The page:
POSTED: August 09 2018
Five reasons why having a business purpose pays off

Five reasons why having a business purpose pays off

Reputation boosts, employee demand and company performance are the factors driving businesses to prioritise organisational purpose. A new CMI report outlines what having a purpose can do for managers.

The Chartered Management Institute (CMI)’s latest report The What, The Why And The How Of Purpose: A Guide For Leaders has shone the light on the transformational impact an organisational purpose can have on firms – from small start-ups to large multinationals.

Through interviews with leaders of blue-chip companies the CMI’s report reveals the concept’s key ingredients, and that purpose is unique compared to other ethical business drivers such as CSR and mission statements.

But why is purpose so important for managers? The CMI’s research outlines five of the best reasons:


Executives identify organisational purpose as essential to building stronger, more trustworthy relationships with the public. Purpose-driven companies embed purpose into every facet of their operations, meaning that each action and decision includes serious consideration of how they can benefit wider society, the report found.

With consumers, media and regulators wary of cynical one-off apologetic gestures, purposeful long-term action reflects an authenticity and accountability that enhances reputation and helps avoid future corporate scandals. Unilever and M&S, for example, have received widespread positive coverage for their purpose-built social and environment objectives, which focus on boosting wellbeing, sustainability and conservation.


Passion, fulfilment and commitment are among the intrinsic qualities that distinguish purpose-driven companies from competitors. This makes them an appeal to existing and future employees, the CMI research shows.

Interviewees largely agree with research that shows that today’s top applicants are drawn to companies with a wider impact on society, especially when comparing offers from similar-sized companies with similar renumeration packages.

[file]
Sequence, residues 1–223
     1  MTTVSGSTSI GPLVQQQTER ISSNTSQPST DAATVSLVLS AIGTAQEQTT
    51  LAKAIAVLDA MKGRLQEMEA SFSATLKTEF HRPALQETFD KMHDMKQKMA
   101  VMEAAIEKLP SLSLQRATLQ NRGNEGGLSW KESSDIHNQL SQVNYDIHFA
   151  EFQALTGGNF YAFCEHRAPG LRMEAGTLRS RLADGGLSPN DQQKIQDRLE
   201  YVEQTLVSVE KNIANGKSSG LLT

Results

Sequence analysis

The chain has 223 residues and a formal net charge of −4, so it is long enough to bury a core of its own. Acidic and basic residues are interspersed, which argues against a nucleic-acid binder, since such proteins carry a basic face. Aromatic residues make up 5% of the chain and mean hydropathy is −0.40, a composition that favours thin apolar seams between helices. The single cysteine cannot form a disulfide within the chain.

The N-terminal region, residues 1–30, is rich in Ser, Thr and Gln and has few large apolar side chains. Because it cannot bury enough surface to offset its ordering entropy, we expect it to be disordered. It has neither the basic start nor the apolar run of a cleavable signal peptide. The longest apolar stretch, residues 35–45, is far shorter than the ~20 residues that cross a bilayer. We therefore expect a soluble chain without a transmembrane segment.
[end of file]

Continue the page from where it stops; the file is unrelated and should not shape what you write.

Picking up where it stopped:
Millennials, set to form 50% of the global workforce by 2020, are particularly keen to join purposeful organisations, with the 2017 Deloitte Millennial Survey showing young people want to exert more influence on the world’s biggest problems via the workplace.

After joining a company, the CMI study shows that a well-structured organisational purpose can keep employees happy, committed and career-motivated. This is further supported by LinkedIn’s Work Satisfaction Survey, which discovered that 44% of professionals think work that has a positive impact contributes to how happy they are.


Companies delivering a purposeful and trustworthy experience attract more engaged customers, as well as lucrative opportunities to partner with other purpose-driven organisations, executives told the CMI study.

Interviewees said a purpose shows all stakeholders the contribution that a company is making to solve the global problems we face, such as climate change.

This encourages greater customer loyalty, spending and brand awareness, as backed by global advertising agency Havas’s Meaningful Brands’ report. The CMI study showed that customer-company links created other opportunities, such as cross-category sales and higher renewal rates.

Governments, charities and other businesses are also more likely to approach a purpose-driven company, aligned with the same philanthropic goals, to cooperate on projects. Tech giant Microsoft and automotive leader Toyota formed a strategic alliance to fabricate a software platform dedicated to managing the information systems for electric vehicles in 2011. The joint venture was based on their purpose to help people better manager their energy consumption and enable a more sustainable society.


With research showing the negative impact of the ‘always on’ culture in organisations leading to the onset of stress and depression, the latest CMI study shows organisational purpose to be a useful way of aiding the mental health of employees. Self-transcendence and meaning are found to increase psychological wellbeing and even decrease depression in middle-aged adults.

According to CMI’s research, the average manager puts in an extra 7.5 hours a week, equating to 44 more working days a year, with one in 10 reporting taking sick leave for stress and mental health issues. “I mean, people are being burnt out right now. The preponderance of depression and anxiety in organisations is getting more noticeable. We are not looking after the wellbeing of our people who work for companies today. Mental ill health is costing economies billions,” said Geoff McDonald, former global vice president of human resources at Unilever.


All interviewees believed that organisational purpose leads to improved business performance, whether short- or long-term. This is a result of the cumulative benefits of a positive reputation, strong customer relationships, retaining top talent and healthier employees.

Ann Francke, chief executive of the Chartered Management Institute, explained: “The bottom line is that purpose-driven, people-centric, values-driven companies outperform. Not just because they do better sustainably over time, but also because they avoid the risk. They avoid the Volkswagen and the Tesco problems, and they avoid the backlash that wipes 30% off their share prices.”


Read The What, The Why And The How Of Purpose: A Guide For Leaders, here.